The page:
Roundtable: Occupy Taiwan: the origins and implications of the 'Sunflower Movement'
- Roundtable: Occupy Taiwan: the origins and implications of the 'Sunflower Movement'
- Hosted by: Sociology # University of Edinburgh; Hosted by: Chinese Studies # University of Edinburgh; Introduced by: Sophia Woodman # University of Edinburgh; Introduced by: Daniel Hammond # University of Edinburgh; Speaker: Yu-Hsiang Chen # University of Edinburgh; Speaker: Albert Tzeng # Leiden University & Institute Of Southeast Asian Studies- Singapore
- Hosted by
- Introduced by
- Date and Time
- 16th Apr 2014 15:00 - 16th Apr 2014 17:00
- Chrystal Macmillan Building, Seminar Room 1
Listen to the roundtable discussions by clicking here
Students have now been occupying the legislature of the Republic of China government in Taiwan for almost a month. This 'Sunflower Movement' was sparked by concerns the government was pushing through a bill to further liberalize trade with mainland China without sufficient debate.
Students and faculty from departments of sociology on the island have been at the forefront of this movement. This roundtable will be comprised of presentations and a film exploring the genesis of this movement, raising questions for a discussion about its implications, both for the region and for the global spread of 'occupations'.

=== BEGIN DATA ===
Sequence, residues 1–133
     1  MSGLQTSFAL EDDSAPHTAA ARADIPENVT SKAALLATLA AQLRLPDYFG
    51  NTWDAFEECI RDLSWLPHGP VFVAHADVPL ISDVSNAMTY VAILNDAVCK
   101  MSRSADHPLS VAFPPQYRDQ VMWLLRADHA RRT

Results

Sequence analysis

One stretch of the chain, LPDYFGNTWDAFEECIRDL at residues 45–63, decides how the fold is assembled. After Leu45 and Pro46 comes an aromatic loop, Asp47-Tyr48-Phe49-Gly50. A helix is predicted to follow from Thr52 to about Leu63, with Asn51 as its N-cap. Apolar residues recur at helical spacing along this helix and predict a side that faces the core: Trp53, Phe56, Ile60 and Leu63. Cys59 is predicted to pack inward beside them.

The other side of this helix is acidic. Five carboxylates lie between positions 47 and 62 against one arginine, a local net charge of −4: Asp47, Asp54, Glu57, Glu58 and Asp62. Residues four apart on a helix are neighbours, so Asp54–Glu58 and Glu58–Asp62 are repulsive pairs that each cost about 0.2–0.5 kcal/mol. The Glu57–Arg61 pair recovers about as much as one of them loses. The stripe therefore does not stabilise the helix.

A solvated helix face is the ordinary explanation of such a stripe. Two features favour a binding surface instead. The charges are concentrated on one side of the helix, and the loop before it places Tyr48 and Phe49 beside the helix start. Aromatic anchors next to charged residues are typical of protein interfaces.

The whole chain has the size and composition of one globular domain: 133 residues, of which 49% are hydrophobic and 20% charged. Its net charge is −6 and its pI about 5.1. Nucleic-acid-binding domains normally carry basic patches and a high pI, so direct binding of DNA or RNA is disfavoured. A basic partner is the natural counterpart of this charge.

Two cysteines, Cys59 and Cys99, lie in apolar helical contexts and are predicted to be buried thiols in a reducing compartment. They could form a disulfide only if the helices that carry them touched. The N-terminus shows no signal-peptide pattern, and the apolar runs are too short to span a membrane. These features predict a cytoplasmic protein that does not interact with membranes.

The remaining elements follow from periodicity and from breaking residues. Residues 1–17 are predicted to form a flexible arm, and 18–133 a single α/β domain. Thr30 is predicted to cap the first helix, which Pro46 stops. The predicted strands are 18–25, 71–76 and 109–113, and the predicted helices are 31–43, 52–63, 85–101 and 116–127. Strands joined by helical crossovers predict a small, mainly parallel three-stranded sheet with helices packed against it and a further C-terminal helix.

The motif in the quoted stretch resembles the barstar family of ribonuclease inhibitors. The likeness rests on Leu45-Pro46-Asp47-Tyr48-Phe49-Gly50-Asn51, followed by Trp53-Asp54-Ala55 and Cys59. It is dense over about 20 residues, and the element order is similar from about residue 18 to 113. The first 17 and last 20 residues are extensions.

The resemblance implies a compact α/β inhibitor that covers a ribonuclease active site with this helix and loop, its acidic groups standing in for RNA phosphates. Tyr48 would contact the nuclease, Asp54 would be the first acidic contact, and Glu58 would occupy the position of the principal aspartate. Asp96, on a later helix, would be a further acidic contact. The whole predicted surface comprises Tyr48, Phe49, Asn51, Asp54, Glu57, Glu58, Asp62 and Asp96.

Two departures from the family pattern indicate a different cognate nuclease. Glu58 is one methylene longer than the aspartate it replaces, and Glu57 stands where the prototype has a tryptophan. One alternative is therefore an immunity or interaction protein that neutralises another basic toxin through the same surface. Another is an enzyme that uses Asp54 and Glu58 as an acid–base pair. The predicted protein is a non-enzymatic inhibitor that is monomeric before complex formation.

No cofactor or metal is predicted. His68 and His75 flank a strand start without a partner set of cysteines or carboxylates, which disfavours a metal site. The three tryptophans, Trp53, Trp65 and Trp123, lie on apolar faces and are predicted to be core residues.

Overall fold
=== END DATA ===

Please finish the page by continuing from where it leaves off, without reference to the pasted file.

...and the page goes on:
Dr. Sophia Woodman, Sociology, School of Social and Political Science
Dr. Daniel Hammond, Chinese Studies
Dr. Yu-Hsiang Chen (PhD at the University of Edinburgh): 'Why has the movement against the free trade deal been led by students rather than labor unions?'
Dr. Albert Tzeng (postdoctoral fellow with the International Institute for Asian Studies, Leiden, and the Institute of Southeast Asian Studies, Singapore): A view from a participatory observer (Dr. Tzeng will be joining us from Taipei)
Jointly sponsored by Sociology, School of Social and Political Science, and Chinese Studies